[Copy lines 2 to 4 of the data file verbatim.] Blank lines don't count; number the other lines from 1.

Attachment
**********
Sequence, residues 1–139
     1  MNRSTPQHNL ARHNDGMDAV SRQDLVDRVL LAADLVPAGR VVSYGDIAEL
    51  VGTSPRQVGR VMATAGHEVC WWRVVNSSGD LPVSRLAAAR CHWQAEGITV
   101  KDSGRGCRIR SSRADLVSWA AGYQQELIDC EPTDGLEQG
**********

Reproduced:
     1  MNRSTPQHNL ARHNDGMDAV SRQDLVDRVL LAADLVPAGR VVSYGDIAEL
    51  VGTSPRQVGR VMATAGHEVC WWRVVNSSGD LPVSRLAAAR CHWQAEGITV
   101  KDSGRGCRIR SSRADLVSWA AGYQQELIDC EPTDGLEQG